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European storm threat requires more vigilance: Swiss Re’s Edi Schmid

27th December 2019 - Author: Matt Sheehan

Two decades on from storms Lothar and Martin in Europe, re/insurers need to stay vigilant and avoid ‘optimism bias,’ according to Edi Schmid, Chairman of Swiss Re Institute and Swiss Re Group Chief Underwriting Officer (CUO).

In December 1999, Lothar and Martin caused economic losses of €16 billion and insured losses of €8.6 billion, devastating areas of France, Germany and Switzerland over two days.

The storms levelled 200 million cubic metres of woodland, left more than three million homes without power, and exhausted the capacity of some insurers to pay out settlements.

But infrastructure and property development in the intervening years suggest that the potential for damage is even greater today, Schmid noted, despite the efforts of re/insurers.

“The problem is that until such catastrophes become anchored in societies’ collective consciousness rather than just confined to the memories of individual communities, there’s unlikely to be any broad-based effort to strengthen resilience across whole societies,” Schmid explained as part of a recent Swiss Re blog.

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“Those communities and individuals actually scarred by such events will be keenly interested in efforts to prepare for, and mitigate, similar disasters in the future,” he went on.

“But even in these cases, most of us find it tough enough to plan for what’s definitely going to happen, let alone making provisions for what might be lurking over the horizon.”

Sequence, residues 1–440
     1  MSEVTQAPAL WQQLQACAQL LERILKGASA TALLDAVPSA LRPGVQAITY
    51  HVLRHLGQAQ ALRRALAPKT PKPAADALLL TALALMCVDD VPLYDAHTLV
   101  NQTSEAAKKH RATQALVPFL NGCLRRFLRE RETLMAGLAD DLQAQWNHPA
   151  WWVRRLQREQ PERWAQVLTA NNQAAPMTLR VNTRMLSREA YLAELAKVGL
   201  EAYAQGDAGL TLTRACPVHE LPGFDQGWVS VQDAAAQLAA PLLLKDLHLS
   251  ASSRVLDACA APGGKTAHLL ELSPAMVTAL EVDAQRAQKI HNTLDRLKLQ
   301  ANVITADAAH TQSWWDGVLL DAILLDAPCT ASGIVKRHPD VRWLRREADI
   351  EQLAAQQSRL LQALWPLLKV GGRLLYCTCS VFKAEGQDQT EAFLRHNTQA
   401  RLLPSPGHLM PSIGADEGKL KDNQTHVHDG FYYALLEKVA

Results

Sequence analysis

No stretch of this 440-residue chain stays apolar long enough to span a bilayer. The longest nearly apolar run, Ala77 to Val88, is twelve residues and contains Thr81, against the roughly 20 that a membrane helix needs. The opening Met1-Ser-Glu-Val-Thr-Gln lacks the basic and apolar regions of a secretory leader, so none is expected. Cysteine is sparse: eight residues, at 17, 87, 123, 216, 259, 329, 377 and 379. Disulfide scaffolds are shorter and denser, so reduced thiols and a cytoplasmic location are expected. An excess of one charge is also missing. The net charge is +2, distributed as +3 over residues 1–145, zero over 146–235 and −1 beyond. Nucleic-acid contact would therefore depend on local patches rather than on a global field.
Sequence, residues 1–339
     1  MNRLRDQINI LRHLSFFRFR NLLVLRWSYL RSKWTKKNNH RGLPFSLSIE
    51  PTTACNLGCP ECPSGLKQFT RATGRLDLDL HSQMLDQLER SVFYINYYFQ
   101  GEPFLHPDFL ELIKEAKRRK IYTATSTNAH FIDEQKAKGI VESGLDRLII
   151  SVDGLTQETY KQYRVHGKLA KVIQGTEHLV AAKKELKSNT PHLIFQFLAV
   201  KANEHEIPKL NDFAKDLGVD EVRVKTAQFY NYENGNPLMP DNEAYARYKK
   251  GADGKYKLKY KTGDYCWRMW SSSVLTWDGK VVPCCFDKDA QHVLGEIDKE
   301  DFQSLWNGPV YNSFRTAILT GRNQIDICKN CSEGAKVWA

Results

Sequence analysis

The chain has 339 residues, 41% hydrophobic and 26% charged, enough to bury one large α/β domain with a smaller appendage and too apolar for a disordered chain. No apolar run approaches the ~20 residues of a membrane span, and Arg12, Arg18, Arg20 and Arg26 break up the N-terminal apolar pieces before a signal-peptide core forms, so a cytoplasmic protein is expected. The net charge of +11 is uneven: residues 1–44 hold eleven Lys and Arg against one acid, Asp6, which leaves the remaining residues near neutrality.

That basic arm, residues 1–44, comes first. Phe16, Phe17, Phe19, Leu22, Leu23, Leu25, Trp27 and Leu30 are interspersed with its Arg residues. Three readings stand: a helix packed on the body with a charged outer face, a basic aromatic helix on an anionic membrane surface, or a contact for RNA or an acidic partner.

Schmid argued that re/insurers are prone to a kind of ‘optimism bias’ where they assume that rare events such as storms Lothar and Martin will not impact them.

But Schmid warns that the industry should not underestimate the potential risk posed by winter storms in Europe, and should endeavour to be more vigilant, based on the lessons of long-term history.

While insurance penetration remains comparatively high in many developed countries, there is still a substantial protection gap to be bridged, according to Swiss Re.

For example, in 2018 half the economic losses caused by smaller natural disasters were not covered by insurance.

“The irony is that insurers have more than enough capital in reserve to absorb such losses,” Schmid noted. “But too many of us and too many small businesses often don’t consider insurance as a way to offset risk either because of the cited optimism bias or because they aren’t aware of their options in the first place.”

“As we commemorate the ferocious winter storms that hit Europe in December 1999, we’re reminded that natural disasters like these can strike again any time – and just how much is at stake,” he concluded.

“With more people and property in harm’s way, our communities today are confronted with a rising level of risk from natural hazards, extreme weather and climate change. Making them more resilient is therefore as important as ever. We owe it to them to take on this challenge together.

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